IT’S been almost a year since the state government announced it was negotiating with Shenhua to reduce the footprint of the proposed mega-mine and while the government has remained tight-lipped, speculation is mounting an announcement will be made soon.
Last August, the government said it was negotiating with the Chinese company to excise the parts of its coal mining title that fell on strategic farming land, in a bid to protect the black soil of the Liverpool Plains.
There has been no activity on the 19,500-hectare site, as the company waits for the government to consider its application for a renewed exploration licence, which expired in February, 2016.
However, Shenhua recently advertised for an exploration management team, which led many to believe the government is close to renewing its licence.
The NSW government gave no insight into how the negotiations were going, other than to say they were “complex”.
Lock the Gate Alliance spokeswoman Georgina Woods said the rumours had reignited the long-held fears of the Liverpool Plains farmers.
“There is still quite a bit of work that needs to be done before a sod is turned, so that is some small comfort for the community,” she said.
“But the threat of open cut coal mines on the plains will continue while ever the government allows exploration licences to be rolled over.
“We need decisive act from the NSW government to make those sorts of farm lands off limits to mining entirely.”
Tim Buckley, director of the Institute of Energy Economics and Financial Analysis and an expert on the financial side of the energy industry, can see several reasons why the mine won’t go ahead.
“The forward price of thermal coal is now below US$67 a tonne, so the project makes no financial sense in the new market environment we face,” Mr Buckley said.
“And Shenhua is busy contemplating one of the largest energy company mergers in world history. I doubt Watermark features high on the board’s priority list.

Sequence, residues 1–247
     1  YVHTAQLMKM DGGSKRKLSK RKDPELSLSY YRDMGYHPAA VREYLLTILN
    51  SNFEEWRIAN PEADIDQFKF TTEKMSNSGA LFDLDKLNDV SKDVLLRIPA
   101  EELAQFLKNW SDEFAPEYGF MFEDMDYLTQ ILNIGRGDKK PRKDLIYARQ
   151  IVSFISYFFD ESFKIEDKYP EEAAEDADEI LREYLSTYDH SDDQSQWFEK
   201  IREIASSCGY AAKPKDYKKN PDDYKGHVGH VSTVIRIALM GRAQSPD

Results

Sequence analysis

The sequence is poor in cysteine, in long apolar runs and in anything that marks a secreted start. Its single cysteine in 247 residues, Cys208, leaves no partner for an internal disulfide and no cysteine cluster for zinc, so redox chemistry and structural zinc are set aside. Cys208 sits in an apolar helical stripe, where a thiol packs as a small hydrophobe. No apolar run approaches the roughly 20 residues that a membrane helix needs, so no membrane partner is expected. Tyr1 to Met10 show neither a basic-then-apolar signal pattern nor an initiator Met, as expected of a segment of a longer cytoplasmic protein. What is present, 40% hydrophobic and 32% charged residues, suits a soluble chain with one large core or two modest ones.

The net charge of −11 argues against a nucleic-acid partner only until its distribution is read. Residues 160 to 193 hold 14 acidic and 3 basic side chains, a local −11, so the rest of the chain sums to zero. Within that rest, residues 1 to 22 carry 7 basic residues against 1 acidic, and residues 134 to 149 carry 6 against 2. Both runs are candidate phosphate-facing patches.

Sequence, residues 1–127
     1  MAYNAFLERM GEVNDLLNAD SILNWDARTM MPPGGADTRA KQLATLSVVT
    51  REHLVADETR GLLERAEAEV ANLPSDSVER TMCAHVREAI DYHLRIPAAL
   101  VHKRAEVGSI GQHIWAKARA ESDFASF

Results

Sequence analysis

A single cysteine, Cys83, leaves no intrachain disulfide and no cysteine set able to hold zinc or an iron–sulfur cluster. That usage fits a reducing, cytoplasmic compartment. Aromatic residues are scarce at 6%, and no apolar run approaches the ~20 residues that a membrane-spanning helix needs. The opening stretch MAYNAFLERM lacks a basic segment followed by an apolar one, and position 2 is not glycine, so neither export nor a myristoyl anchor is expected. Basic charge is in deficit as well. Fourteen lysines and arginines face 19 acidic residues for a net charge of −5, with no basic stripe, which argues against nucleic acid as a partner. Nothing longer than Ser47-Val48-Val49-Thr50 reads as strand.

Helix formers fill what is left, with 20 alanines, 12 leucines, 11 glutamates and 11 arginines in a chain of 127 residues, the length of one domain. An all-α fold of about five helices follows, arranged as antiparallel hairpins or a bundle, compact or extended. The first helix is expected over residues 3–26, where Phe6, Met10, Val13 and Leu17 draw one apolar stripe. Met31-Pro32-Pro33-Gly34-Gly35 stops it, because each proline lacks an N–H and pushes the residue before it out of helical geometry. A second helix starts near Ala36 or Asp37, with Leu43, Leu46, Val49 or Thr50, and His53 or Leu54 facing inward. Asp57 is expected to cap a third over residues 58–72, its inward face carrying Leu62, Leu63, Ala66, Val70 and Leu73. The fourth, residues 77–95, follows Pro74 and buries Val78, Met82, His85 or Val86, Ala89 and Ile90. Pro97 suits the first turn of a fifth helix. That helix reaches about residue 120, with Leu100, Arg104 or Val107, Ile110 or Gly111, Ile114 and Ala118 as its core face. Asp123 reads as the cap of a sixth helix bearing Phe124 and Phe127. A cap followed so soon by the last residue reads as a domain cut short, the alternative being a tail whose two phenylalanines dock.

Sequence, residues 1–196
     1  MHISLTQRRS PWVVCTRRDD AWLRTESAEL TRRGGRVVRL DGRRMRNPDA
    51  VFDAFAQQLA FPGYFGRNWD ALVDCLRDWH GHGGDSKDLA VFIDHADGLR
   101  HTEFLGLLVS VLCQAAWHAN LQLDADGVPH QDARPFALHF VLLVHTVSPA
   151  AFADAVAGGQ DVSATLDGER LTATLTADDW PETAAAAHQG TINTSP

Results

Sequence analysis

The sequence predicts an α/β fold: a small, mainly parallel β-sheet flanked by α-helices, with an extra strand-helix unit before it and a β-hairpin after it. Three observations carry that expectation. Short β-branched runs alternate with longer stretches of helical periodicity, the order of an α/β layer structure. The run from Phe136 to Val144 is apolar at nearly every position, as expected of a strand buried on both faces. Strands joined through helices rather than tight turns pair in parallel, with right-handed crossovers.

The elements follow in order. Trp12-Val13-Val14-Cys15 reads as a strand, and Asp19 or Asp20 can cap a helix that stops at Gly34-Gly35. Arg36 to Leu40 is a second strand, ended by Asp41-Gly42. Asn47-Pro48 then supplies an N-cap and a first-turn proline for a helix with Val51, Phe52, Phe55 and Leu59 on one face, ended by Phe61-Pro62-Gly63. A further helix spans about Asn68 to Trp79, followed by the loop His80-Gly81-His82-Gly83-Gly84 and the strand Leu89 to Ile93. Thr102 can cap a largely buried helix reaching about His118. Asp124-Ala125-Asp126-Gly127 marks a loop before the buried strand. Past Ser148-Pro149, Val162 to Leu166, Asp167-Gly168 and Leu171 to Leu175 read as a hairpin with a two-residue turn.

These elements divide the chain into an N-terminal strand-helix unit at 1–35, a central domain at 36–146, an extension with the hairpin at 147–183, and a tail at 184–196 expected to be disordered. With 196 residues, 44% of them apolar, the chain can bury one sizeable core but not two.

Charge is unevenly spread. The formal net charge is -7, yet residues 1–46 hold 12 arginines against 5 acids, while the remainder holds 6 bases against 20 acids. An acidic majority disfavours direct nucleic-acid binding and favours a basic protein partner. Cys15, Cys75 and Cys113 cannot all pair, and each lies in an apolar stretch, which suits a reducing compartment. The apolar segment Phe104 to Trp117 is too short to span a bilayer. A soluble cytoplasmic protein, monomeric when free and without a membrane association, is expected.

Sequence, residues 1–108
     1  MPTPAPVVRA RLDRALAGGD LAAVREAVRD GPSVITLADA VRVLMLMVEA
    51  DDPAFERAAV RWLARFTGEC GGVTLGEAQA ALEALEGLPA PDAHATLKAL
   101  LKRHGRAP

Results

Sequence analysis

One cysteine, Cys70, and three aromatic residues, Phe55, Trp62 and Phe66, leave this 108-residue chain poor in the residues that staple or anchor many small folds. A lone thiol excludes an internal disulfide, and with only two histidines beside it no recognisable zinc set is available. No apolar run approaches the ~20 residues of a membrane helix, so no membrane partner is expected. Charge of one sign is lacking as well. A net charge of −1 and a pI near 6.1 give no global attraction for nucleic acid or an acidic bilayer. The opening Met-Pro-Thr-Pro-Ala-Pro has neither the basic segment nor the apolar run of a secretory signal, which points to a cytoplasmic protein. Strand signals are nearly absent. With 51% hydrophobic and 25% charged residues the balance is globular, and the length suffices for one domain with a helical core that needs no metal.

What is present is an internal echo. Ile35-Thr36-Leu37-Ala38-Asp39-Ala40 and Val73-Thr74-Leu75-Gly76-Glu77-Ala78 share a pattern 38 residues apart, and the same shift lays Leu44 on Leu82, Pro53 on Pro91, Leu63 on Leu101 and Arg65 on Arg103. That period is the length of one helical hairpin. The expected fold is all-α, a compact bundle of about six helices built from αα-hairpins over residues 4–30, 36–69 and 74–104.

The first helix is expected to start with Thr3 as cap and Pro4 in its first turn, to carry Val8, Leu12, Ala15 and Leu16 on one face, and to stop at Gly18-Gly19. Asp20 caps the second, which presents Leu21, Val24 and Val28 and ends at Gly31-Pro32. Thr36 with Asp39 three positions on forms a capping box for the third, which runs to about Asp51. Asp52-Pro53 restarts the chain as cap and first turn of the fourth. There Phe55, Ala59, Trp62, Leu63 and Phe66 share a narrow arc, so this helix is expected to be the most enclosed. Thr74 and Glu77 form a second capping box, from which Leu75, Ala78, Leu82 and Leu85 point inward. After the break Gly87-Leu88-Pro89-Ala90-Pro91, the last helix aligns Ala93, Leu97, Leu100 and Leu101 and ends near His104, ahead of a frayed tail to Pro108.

“Finally, China continues to do incremental law changes to reduce thermal coal dependence, and to move away from coal overall.”
But Ms Woods said there was no reason to be complacent.
“People said the Maules Creek mine would not be economic or profitable – now that it’s up and running, it’s making a profit,” she said.
“We shouldn’t put the fate of the plains into hands of a company like Shenhua and hope it decides it’s not in its interest to mine.”
Ms Woods also pointed out the state government had the ability to cancel the licence at any time, at no cost, as more than eight years have past without the company commencing “substantial development” on the site.
“It is under no obligation to renew the licence,” Ms Woods said.
“It has the power and the opportunity to simply say ‘no’ to that mine, and that's what they ought to do.”
Shenhua was approached but declined to comment.
The Leader’s questions to the NSW Department of Industry, and its response
1) Are the negotiations with Shenhua still ongoing, or have they been stopped?
2) The Leader has been told the negotiations had an expiry date of June 30. Is that correct?
3) Is the government close to reaching a decision about Shenhua’s application to renew its licence?
4) Is there anything else you wish to add?
The NSW Government is committed to protecting the strategic agricultural land of the Liverpool Plains.
The Government's negotiations with Shenhua are to ensure this outcome. These negotiations are complex and an announcement of the outcome will be made when final agreements are complete.
The renewal is currently being assessed in accordance with the provisions of the NSW Mining Act 1992.